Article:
Updates

Job Opportunity: Executive Director

Social Planning Toronto (SPT) is a non-profit, charitable community organization that works to improve equity, social justice and quality of life in Toronto through community capacity building, community education and advocacy, policy research and analysis, and social reporting. Formally known as the Community Social Planning Council of Toronto, SPT has spent over 60 years providing critical social research and reporting, community capacity-building and engagement as well as evidence-based advocacy for Toronto and its communities.

Social Planning Toronto is committed to building a "Civic Society," one in which diversity, equity, social and economic justice, interdependence and active civic participation are central to all aspects of our lives — in our families, neighbourhoods, voluntary and recreational activities, and in our politics.

What Price Local Democracy? Premier Doug Ford Moves to Reduce Toronto City Council By Half

Social Planning Toronto issued the following response today to Premier Doug Ford's move to reduce Toronto City Council by half. 

We urge you to contact your local Member of Provincial Parliament to express your disagreement with this hasty action against local decision-making, which will have a highly disruptive and confusing affect on this year's municipal election. 


 

Ensuring the Right to Housing is Embedded in National Housing Strategy Legislation

Widespread homelessness and lack of access to adequate housing in a country as affluent as Canada is clearly one of the most critical human rights issues facing all levels of government.

Social Planning Toronto has joined other community organizations and advocates as a signatory to an open letter to Prime Minister Justin Trudeau and Jean-Yves Duclos, Minister of Families, Children and Social Development, asking them to embed the right to housing in the National Housing Strategy legislation currently being drafted.

Life in Toronto Without English: 130,000 residents do not speak English and seek reduced barriers to language programs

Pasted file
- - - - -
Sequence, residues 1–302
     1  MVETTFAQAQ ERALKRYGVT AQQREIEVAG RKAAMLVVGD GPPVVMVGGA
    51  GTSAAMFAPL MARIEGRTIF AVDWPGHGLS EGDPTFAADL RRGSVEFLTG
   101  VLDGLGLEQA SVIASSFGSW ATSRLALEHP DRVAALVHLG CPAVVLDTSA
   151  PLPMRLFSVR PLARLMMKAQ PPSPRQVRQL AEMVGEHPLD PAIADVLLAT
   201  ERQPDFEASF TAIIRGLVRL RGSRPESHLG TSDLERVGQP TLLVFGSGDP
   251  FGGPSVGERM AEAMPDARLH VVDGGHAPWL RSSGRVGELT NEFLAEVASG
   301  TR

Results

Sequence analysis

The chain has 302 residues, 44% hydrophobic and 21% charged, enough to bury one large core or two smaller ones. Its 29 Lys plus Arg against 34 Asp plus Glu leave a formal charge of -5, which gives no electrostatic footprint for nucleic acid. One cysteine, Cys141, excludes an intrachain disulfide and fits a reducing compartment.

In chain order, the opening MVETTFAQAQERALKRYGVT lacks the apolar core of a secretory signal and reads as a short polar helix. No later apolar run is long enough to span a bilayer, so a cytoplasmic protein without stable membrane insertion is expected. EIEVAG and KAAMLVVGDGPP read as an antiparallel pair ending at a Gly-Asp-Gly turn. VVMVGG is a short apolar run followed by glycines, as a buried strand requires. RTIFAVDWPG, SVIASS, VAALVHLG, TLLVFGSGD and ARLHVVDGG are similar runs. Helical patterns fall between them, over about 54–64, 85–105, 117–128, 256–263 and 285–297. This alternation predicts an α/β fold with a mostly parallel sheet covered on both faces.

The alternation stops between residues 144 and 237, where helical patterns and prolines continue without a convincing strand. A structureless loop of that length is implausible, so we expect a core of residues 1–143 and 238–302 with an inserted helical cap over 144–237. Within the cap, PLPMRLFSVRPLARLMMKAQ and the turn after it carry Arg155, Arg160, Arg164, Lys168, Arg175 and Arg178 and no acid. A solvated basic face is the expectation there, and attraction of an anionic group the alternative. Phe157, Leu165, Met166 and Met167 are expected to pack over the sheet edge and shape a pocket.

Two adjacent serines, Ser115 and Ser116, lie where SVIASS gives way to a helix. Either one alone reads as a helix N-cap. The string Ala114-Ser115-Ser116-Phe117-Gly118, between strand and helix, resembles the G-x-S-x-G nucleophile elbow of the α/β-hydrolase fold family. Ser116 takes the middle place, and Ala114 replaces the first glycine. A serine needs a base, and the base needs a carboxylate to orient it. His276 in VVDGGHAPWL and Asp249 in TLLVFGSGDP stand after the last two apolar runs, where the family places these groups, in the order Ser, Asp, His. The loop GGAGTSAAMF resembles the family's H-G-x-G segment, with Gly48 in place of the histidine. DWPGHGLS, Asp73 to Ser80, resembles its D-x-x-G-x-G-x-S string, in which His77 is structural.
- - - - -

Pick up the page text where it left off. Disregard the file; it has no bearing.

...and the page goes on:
Over 130,000 people — a population the size of a small city — do not speak English and face everyday challenges navigating life in the city, a new report from Social Planning Toronto finds. The report finds these residents have diverse and complex language learning needs.

“This population is big, and their needs are as diverse as their stories and backgrounds,” said Peter Clutterbuck, Interim Executive Director of Social Planning Toronto. “These residents are our neighbours, from the young mother at the local park caring for small children, to the grandmother next door — being able to speak English would make a big difference in their quality of life, from finding a good job to accessing services in their community.”

Remembering Karen Liberman

A message from Peter Clutterbuck:

It is with great sadness that I learned that Karen Liberman passed away on Thursday, May 24th, 2018. Karen was a long-time community activist, planner, workshop presenter and facilitator.

New Report Finds $36 Million Gap Between Council Commitments and City Budget.

Critics say budget process is badly broken— not equipped to tackle city’s ‘big issues’.

As Toronto City Council prepares to make its final decision on its 2018 budget, a new report by Social Planning Toronto reveals it will fall short by $36 million on funding council’s own pledges on housing, climate change, transit, and poverty reduction.

New affordable housing law all but scrapped by Province's proposed regulations: Over 60 community groups.

Wealthy developers will not likely end up helping to pay for affordable housing under new regulations proposed by Ontario’s Minister of Housing, say over 60 community organizations and housing experts. The regulations effectively reverse policy aimed at ensuring developers build affordable housing with each new development— a measure called ‘Inclusionary Zoning’.

New Report: Child poverty rate double for racialized children in Toronto area

Children in the Toronto region and their families’ incomes are deeply divided along race, a new report finds.

Based on 2016 Census data, the report shows that Toronto region children from racialized families— families of people of colour— are twice as likely to be living in poverty compared to children in non-racialized families (25.3 % compared to 11.4%). The report also found that Indigenous families with children are experiencing an extremely high poverty rate of 84%.

Toronto’s Mounting Inequality Calls for Quality Public Services and Investments.

Responding to a new report released by the United Way of Toronto and York Region, Sean Meagher, Executive Director of Social Planning Toronto, called for public action to counter Toronto’s rising economic inequality:

“The report outlines an overwhelmingly divided City, created by a failure to invest adequately in our neighbourhoods and residents,” said Meagher. “With one-in-four children living in poverty, we have to do better”.

© Copyright 2017 Social Planning Toronto. All rights reserved.